Brand new for 2012, Hothouse gives budding creative young talents hands-on experience with mentors from the moving image industry.
We caught up with Hothouse mentor (and all round games-pro) Paul Callaghan for a sneak peek into what the chosen lucky lot can expect from this year’s program…
Tell us the plan for Hothouse.
Ten students will spend one week in July totally immersed in the business and creativity of games. They’ll create their own mobile game and hear from local game studios and leaders from university games programs.
Why a mobile game?
It’s mostly a question of scope. A week isn’t a long time, but it is long enough to make something small with a clear core mechanic and some simple, but high quality art. The tools have reached a point where a playable game can be made and tested quickly.
But more importantly, it’s because everyone has a mobile, or should have played a game on one, so will know what they’re aiming towards.
What do you and fellow mentor Kate Inabinet bring to the program?
I have worked in the games industry since 1998 for companies such as Atari, AIE,The Project Factory and the ABC, and am currently the director of the Freeplay Independent Games Festival. Kate studied at the AIE, is a former animator for Blue Tongue Entertainment and is involved as a mentor for the Women in Games Pathway.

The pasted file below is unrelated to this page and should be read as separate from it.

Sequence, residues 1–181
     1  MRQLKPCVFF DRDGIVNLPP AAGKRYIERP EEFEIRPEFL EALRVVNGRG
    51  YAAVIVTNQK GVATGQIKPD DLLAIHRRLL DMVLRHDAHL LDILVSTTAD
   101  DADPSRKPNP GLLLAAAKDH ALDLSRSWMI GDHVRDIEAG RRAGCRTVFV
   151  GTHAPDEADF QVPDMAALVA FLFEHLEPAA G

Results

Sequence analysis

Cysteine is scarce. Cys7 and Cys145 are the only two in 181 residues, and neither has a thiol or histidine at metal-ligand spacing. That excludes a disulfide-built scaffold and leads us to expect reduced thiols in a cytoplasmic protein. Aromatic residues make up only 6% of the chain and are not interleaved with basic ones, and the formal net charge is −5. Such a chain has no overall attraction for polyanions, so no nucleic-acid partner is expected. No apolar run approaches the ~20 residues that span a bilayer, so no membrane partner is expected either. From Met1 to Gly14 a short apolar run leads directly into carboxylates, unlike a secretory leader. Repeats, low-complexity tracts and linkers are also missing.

We’ve both seen games development go through enormous changes, from the Playstation 1 and N64 to today’s iPhones, PS Vitas, App stores and flash games. We have a pretty good perspective on what has (and hasn’t) worked in the past.
Can you tell us about the other sessions?
Some sessions are still to be confirmed but Tom Killen from the Voxel Agents will talk the students through a typical day-in-the-life of a games studio and the prototyping process they use when making games. And – as an extra special treat – they’ll get to meet Tim Schafer at his sold-out ‘In Conversation’ event.
What do you think students can get out of the program?
I hope that students realise that the skills needed for game development are attainable. The industry lets you exercise a big range of talents – from making art, working in a team, programming, working out tricky problems, building levels out of Lego, or playing physical games that might recreate some of what you’re trying to do.
– Kate Matthews, Digital Storytelling Coordinator, ACMI
Hothouse applications close Thu 31 May. Apply now over at the ACMI Website.